Tian Li, a post-doc student at the University of Maryland and Liangbing Hu, pictured below, have developed a new material called Nanowood, with the potential to massively reduce waste around the world.
Nanowood does not contain lignin—the ingredient in wood that makes it brown and rigid. The substance is under 1mm thick and can be folded and bent with the potential to replace styrofoam, which takes 500+ years to biodegrade. Nanowood is 30 times stronger than styrofoam, is biodegradable and can insulate better than silica aerogel by 10ºF.
…[the team] has been probing the properties of nanocellulose, nanometer-scale versions of cellulose, the tough carbohydrate in the cell walls of plants that allows tree trunks to grow strong and tall. At these incredibly small scales, cellulose fibers can take on remarkable characteristics, including a strength-to-weight ratio that’s about eight times that of steel.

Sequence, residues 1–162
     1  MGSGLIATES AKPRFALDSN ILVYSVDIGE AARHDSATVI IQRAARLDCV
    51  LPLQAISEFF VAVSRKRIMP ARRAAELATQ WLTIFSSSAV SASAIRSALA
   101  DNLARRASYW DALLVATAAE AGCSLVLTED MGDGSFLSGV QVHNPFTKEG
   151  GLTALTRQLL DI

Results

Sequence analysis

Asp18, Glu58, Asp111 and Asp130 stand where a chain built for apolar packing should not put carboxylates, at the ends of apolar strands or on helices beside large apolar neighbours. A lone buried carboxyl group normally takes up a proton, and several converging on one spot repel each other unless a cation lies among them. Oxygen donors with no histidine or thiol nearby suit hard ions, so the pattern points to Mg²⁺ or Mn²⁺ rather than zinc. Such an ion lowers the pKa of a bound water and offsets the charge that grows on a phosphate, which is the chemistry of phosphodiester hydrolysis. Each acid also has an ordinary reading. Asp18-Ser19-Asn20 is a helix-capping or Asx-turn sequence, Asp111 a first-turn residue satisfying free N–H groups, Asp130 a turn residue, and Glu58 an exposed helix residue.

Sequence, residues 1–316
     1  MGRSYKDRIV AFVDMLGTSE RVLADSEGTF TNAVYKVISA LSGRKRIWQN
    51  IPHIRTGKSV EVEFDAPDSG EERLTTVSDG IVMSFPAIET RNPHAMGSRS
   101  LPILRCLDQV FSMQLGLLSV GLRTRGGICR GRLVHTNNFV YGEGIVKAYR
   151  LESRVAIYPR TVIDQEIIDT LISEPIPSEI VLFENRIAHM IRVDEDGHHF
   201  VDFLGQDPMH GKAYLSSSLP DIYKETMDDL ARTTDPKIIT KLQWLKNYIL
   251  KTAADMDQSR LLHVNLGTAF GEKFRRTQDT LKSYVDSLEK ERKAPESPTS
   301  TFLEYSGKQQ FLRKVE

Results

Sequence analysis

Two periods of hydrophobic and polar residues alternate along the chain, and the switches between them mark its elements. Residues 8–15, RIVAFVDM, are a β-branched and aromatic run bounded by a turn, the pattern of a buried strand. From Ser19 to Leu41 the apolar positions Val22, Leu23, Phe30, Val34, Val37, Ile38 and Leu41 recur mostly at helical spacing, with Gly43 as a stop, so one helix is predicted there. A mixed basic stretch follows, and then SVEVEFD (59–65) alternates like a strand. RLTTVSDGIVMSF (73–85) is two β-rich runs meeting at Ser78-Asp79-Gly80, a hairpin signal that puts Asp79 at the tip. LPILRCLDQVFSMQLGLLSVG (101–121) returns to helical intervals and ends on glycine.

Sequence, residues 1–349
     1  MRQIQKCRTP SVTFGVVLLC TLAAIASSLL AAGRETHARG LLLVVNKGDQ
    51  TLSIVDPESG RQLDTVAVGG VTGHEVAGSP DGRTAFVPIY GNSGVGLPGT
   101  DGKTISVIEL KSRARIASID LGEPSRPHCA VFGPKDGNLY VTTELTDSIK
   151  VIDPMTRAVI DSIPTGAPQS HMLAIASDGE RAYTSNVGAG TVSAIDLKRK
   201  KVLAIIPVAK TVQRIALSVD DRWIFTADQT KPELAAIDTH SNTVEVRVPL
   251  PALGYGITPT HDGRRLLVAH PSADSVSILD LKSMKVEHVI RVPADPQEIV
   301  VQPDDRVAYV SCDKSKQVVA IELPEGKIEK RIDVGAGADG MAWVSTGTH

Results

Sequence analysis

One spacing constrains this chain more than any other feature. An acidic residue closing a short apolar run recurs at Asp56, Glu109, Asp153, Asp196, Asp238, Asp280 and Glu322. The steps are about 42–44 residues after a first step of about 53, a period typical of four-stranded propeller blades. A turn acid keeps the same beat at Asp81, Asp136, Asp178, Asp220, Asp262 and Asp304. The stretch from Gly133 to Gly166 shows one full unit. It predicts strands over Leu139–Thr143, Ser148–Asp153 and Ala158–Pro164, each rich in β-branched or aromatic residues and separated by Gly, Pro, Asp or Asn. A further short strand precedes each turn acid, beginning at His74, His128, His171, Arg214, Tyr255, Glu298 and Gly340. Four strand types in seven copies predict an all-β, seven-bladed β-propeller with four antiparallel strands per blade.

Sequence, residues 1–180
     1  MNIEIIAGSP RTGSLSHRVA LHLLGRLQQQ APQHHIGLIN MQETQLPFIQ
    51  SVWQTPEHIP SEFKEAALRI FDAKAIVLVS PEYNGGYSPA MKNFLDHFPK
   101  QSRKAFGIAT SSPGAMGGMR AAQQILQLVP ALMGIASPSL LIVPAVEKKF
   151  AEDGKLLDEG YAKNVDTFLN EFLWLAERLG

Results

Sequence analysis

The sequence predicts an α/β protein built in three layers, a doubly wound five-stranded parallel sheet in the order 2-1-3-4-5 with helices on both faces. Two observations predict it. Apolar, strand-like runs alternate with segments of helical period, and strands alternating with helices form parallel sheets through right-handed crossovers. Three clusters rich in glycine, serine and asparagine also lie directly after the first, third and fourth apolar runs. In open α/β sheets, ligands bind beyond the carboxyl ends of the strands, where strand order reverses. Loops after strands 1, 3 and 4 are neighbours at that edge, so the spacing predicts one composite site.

The key is the design. As the University of Maryland states:
Wood “conducts” heat along the channels that were used when the tree was alive to shuttle water and nutrients from roots to leaves. However, heat trying to cross the wood grain is blocked. With the wood oriented in the right direction, heat could be blocked or transmitted as the designer desires.
Nanowood could be the future of building material with applications in the active lifestyle category.
Photos courtesy University of Maryland